The term “Cyclo” below refers to using the Cyclo polisher, which is a two-head, random orbit polisher. This type of polisher is used to remove the swirl marks left by the compounding polisher and do the finish polishing. However it is not very effective on corroded or damages surfaces.
Both polishers are described in detail on the Polishers section of the web site.
The term “filiform” corrosion mentioned below is the corrosion seen in a failing paint job over aluminum. Moisture gets into the cracks in the paint and causes little white “worm trails” of corrosion to form as the oxidation works its way under the paint. It is very common on Airstream trailers with old clear coats. To see a picture of filiform corrosion on an Airstream, click here.
Compounding with G6: G6 is a good grade for compounding pitted surfaces. The large particles get in and clean out the pits much better than the small particles found in the F7. It removes most forms of corrosion including filiform corrosion. It will round out scratches and chips.
Many users prefer the quick cut of the G6. Try them both. The two grades are very similar in performance except the F7 will “hang in there” a little longer because the particles do not break down as with the G6. However the G6 will generally perform better on pitted surfaces than the F7 . Users restoring vintage Airstream trailers often like the G6 better than the F7 because often much of the surface is rough and pitted.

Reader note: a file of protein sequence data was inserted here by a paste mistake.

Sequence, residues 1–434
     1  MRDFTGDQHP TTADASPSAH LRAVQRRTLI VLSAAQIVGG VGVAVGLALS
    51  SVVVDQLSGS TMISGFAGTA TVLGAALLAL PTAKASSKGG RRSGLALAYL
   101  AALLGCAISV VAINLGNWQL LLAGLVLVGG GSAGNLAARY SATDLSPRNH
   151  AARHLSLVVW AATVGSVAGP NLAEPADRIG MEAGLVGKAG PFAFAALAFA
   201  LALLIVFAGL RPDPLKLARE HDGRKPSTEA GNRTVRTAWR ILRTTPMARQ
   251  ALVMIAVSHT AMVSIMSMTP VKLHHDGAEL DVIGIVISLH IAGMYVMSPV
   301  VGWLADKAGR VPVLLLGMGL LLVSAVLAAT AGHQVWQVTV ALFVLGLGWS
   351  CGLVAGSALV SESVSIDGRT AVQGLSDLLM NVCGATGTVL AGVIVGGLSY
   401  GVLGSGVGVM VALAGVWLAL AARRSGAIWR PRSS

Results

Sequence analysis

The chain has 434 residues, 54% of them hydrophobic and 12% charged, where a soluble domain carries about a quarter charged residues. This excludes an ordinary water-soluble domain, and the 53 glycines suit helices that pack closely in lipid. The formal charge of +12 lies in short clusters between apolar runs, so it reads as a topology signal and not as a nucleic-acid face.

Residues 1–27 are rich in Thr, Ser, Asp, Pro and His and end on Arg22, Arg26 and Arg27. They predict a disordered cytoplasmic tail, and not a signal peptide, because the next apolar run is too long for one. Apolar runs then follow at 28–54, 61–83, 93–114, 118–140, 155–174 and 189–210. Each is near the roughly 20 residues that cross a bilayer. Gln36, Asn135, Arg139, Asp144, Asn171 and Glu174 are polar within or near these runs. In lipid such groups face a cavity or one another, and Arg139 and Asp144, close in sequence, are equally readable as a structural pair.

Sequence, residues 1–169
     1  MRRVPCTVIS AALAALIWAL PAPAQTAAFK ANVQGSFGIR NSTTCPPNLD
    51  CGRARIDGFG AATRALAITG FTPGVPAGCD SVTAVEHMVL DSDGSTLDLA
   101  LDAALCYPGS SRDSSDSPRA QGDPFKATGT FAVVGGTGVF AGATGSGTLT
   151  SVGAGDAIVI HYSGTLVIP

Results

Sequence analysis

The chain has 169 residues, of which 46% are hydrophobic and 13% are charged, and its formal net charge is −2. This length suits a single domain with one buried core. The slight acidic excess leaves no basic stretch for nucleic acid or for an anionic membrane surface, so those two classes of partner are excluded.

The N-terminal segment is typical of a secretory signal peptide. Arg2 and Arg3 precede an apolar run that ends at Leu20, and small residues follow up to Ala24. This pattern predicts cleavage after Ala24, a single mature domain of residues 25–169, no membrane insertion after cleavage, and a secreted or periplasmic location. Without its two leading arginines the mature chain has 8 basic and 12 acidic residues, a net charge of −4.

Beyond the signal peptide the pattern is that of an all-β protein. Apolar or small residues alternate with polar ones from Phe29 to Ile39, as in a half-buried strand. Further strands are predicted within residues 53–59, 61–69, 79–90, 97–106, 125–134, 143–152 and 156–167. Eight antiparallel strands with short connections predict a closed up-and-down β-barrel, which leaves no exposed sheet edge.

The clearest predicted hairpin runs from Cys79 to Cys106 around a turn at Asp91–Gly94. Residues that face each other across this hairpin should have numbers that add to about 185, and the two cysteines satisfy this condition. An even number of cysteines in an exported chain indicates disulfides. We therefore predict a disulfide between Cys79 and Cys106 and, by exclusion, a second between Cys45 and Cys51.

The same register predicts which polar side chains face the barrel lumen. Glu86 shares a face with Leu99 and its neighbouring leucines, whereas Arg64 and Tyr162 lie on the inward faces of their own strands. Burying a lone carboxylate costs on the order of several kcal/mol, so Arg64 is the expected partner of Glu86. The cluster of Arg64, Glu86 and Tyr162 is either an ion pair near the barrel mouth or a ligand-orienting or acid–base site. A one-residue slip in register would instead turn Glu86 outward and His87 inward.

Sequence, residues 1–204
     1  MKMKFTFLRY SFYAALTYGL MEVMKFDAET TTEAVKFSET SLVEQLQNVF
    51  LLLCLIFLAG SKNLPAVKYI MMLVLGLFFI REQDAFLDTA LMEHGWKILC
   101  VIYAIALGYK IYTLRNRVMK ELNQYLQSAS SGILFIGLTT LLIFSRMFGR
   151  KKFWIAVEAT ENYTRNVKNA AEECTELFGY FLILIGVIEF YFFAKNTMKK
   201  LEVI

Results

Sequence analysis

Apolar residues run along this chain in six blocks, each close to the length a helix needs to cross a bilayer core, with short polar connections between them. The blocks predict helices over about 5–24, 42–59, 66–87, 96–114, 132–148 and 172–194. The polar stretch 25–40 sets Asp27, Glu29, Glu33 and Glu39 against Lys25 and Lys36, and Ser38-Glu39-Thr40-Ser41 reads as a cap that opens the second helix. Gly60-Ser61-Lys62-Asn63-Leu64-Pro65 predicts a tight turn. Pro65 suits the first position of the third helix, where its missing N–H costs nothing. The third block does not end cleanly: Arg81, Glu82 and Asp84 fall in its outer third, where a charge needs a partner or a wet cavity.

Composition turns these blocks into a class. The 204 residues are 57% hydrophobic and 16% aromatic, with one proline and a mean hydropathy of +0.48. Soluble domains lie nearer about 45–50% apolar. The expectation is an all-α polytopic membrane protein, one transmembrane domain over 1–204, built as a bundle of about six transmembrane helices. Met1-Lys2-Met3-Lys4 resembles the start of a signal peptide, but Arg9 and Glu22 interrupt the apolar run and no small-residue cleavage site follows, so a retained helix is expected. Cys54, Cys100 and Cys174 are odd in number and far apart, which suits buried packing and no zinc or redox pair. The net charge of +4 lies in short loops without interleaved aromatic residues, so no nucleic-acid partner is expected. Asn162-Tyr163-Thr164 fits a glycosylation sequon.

Cyclo with G6: Removes swirls left by the compounding polisher. Removes light surface corrosion. This might be a good starting point if the surface has been polished before and has some light corrosion. Its performance in this application is similar to the F7 and which you use will largely depend on personal preferences.
You can usually move directly from “Cyclo with G6” to the finish grade “S”. This is probably because the G6 starts out coarse but breaks down to a mid-grade C during the polishing action. It may be like doing two steps at once. I’ve used this sequence extensively on my airplane with good results. But it should be tried with some caution because some users have noted the tendency of G6 to occasionally leave deep scratches.
Compounding with F9: This is a very aggressive cutting grade. It has hard, sharp particles that are much larger than those in the F7. Compounding with this grade will cut through corrosion much faster than with the F7. It may also be the best polish for seriously pitted aluminum. But the F9 will leave deep swirls that will take some effort to remove.